big guns means less accuracy


Well-Known Member
Dec 15, 2001
I love to read articles about large cartridges but as I read the articles there seems to be a consensus among writers that the really big Magnums (ultra's, and anything bigger than 300 WM) are lacking in accuracy abilities. Esentially they say there is a tradeoff between power and accuracy? Is this really the case?

As I read I have to wonder if the reason they are saying this is because they can't handle the heavy recoil.
I have never had a problem making large guns shoot. That said, I am not a long range hunter, but enjoy this forum as well as accurate rifles. For me the below group is acceptable accuracy. The load is a 250 grain Nosler Partition at 2950 fps from a 340 wby magnum.


This is comparing apples and oranges.

If they are referring to big magnums as compared to the BEST 6PPC shooting at 100 and 200 yards, I would say no. The 6PPC will out shoot the big mags.

Now on the other hand, the Best 6PPC won't shoot at 1000 yards very well and the big mags will. Here is the REAL trade off.

Which one now has the BEST accuracy?
It depends on which type of shooting the person does and who is making this statement.

You can take the big mags, put weight to the stock and heavy barrels and they will shoot in the .2 and .3 range (and smaller) at 100 yards. Ask Steve Shelp about his 338 group.

If your talking about a light weight rifle and lots of recoil from a Magnum, the average shooter can't get good accuracy with it.

So, it depends on the yardage one is shooting, how much the rifle weighs, is it off hand, prone, benchrest and many other factors.

Point is, most BIG mags are designed for longer shots and better accuracy downrange.
The smaller cartridges are designed for closer shooting. Both have their place in the shooting society.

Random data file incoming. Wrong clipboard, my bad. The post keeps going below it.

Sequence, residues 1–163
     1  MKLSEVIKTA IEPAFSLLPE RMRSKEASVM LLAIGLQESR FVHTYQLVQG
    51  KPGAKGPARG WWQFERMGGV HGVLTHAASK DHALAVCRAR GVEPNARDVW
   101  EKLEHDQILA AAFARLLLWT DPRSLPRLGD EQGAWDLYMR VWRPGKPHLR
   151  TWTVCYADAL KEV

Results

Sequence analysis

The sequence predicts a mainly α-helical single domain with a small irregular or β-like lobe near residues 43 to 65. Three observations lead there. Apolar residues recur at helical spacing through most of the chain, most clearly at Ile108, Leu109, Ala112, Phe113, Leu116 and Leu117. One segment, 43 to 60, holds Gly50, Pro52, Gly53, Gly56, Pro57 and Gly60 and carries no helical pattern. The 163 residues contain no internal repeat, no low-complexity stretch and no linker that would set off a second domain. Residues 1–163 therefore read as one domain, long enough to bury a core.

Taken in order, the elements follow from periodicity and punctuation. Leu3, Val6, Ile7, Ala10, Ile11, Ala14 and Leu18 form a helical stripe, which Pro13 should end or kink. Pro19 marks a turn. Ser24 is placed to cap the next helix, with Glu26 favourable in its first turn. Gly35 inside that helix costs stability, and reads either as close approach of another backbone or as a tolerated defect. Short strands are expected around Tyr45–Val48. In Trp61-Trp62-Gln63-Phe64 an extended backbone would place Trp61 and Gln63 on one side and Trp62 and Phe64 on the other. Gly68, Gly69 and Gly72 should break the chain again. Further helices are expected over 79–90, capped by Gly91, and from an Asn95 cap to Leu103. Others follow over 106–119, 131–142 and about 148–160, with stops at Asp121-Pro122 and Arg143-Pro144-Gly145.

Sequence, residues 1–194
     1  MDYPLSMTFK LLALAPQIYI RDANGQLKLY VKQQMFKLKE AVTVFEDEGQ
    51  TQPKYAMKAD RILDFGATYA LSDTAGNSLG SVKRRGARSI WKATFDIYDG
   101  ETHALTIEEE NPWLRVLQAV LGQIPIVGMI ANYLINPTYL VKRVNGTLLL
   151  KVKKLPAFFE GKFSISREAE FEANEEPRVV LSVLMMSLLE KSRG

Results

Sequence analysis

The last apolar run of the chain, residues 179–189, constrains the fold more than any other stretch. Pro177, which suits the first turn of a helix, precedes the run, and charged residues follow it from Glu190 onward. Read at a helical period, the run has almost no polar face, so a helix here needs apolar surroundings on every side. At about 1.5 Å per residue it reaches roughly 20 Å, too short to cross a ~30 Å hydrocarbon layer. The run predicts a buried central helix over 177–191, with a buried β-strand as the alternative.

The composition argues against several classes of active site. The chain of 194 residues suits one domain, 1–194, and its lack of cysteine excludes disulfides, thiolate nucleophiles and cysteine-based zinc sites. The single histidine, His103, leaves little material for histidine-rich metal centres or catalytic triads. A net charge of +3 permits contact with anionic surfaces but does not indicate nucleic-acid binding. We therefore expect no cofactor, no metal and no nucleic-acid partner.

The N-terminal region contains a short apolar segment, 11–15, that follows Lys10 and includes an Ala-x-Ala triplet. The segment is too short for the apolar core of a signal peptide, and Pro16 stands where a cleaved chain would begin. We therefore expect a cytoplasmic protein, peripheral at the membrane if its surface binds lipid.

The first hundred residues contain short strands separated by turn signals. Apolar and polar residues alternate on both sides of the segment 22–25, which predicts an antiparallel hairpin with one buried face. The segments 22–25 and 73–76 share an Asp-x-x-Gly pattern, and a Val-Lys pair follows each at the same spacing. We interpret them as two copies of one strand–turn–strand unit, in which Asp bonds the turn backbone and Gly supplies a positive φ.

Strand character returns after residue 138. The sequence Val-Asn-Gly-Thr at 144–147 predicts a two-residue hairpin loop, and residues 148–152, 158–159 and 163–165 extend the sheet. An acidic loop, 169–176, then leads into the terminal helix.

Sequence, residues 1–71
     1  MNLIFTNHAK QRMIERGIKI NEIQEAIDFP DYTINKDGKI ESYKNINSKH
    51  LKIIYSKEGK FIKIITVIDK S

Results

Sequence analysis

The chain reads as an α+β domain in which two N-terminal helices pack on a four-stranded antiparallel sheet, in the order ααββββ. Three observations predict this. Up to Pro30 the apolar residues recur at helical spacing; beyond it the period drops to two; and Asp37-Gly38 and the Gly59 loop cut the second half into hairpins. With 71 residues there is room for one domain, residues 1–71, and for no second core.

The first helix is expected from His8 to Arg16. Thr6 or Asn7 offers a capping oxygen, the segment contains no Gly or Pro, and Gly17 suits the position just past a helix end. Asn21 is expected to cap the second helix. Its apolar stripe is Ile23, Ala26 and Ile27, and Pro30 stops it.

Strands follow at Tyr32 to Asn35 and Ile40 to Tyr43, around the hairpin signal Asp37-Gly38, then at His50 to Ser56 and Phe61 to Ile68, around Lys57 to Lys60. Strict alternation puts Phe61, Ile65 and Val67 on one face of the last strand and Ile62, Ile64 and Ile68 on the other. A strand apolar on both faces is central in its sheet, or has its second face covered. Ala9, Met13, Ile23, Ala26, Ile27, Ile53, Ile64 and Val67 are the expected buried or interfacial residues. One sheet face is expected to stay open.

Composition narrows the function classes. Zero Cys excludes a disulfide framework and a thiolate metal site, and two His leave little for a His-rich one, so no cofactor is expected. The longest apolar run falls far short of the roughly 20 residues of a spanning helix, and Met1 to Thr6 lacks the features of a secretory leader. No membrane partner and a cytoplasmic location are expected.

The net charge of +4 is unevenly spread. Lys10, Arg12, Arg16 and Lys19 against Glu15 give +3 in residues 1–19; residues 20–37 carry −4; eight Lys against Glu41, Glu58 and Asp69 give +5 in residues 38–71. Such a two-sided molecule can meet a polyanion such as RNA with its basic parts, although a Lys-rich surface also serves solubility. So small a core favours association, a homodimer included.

Darryl Cassel
I guess it all falls back on the ignorance of most shooters, longrange for them is 100 yards. I was mainly referring to hunters, you know the ones that think they need a 300 RUM to kill deer at 80 yards. But I have heard alot of benchrest shooters bash the supermags. For the record, I know you guys are getting great accuracy with your big guns.

Darryl, very good point, one cartridge can't do everything. I must admit I don't have a supermag yet (I'm working on that
) Is it harder (take a lot more effort) to get them to shoot great?

[ 01-31-2002: Message edited by: sr90 ]
I think what the gun writers are talking about is that a factory .223 or 22-250 will usually shoot subMOA while the factory magnum will be 1MOA or worst. At least that's the popular consensus.

Every rifle has the load it likes. It is NO harder to get the big calibers to shoot well as compared the amaller calibers, just takes more powder and a bit more time to load them.

Tell John Voinida At Williamsport that there isn't accuracy in a magnum. He is the World Record holder and he shot 10 shots into 3.151" at 1022 Yards to give him that title with his magnum rifle.

Tell the 50 Cal boys that the 5 shot record they shot (3.500") at 1000 yards isn't accuracy.

Tell the IBS 5 shot light gun 1000 yard record holder (1.800") that big guns don't have accuracy.

Your right, for the average (walk in the woods) hunter, a mag may not be the correct choice.

Darryl Cassel
The caliber for Voinidas rifle was called the 30V---An Improved 30 Mag.
It was an older Clyde Hart barrel (30") long that had 1800 rounds through it when he broke the record.
Look in the Sierra Manual and you will see the Pic and target. He shot that in 1997

Darryl Cassel
I think it is much harder to get a big magnum to shoot well than a smaller cased cartridge. However my use of big magnums has been with relativley light (8-9#) rifles chambered to 300 Win Mag and 30STW. I have a light weight 243 that is a cinch to shoot well. I have a heavy 243 that is a cinch to shoot well. I have never worked with a 30# 30 caliber magnum though so maybe if I did and matched the recoil figures I would find that they are no harder. I think that for most hunters though who hunt conventionally (on foot with 8-9# rifles) that they will find it much easier to get a 280 Remington to shoot tight groups than a 340 WBY of the same weight. Rufous.

Your last sentence said it all and it's true.

You can shoot a smaller cartridged rifle of say 8 or 9 # with more accuracy (Normally) because your not taking the big recoil of a magnum that weighs the SAME.

Now take that mag and add 30, 40, or 50 pounds to it and see just how well the big mags will shoot.

Darryl Cassel
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